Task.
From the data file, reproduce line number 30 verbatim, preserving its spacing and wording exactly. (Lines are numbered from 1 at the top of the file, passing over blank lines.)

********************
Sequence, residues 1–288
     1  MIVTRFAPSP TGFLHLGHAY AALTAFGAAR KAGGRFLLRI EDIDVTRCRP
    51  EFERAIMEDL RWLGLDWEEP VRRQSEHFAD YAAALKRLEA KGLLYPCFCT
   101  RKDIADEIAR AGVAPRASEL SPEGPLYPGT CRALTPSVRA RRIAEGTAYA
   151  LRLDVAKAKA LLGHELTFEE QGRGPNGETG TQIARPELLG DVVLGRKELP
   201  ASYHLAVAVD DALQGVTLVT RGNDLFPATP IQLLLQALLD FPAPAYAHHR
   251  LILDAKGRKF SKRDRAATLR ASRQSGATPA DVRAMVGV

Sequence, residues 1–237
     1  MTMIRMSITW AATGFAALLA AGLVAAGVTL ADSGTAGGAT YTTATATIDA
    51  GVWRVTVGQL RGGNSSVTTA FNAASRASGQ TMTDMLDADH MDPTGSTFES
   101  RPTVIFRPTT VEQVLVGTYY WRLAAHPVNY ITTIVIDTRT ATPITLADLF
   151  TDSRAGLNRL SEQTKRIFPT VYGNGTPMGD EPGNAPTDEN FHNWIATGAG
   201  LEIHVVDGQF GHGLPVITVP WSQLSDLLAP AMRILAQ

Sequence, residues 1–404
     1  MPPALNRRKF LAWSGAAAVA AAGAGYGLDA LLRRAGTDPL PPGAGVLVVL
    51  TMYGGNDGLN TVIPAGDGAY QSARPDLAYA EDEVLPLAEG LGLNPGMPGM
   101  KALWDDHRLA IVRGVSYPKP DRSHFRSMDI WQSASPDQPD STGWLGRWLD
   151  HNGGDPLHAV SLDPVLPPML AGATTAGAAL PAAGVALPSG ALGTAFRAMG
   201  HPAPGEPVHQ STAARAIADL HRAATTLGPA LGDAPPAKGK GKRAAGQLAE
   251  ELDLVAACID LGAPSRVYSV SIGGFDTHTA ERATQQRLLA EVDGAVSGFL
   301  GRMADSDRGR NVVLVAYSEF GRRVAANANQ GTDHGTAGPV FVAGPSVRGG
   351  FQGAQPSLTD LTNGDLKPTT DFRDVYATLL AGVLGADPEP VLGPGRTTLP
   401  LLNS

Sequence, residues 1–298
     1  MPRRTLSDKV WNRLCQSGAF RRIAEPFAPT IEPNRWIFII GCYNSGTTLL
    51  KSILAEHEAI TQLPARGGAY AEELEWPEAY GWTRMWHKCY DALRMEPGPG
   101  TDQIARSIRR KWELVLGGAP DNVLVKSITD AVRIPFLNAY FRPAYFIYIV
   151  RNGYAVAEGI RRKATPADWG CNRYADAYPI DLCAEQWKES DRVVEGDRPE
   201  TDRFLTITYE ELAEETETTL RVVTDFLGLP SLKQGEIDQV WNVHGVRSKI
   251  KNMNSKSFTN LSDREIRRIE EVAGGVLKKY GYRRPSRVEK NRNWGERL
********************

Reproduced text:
   251  KNMNSKSFTN LSDREIRRIE EVAGGVLKKY GYRRPSRVEK NRNWGERL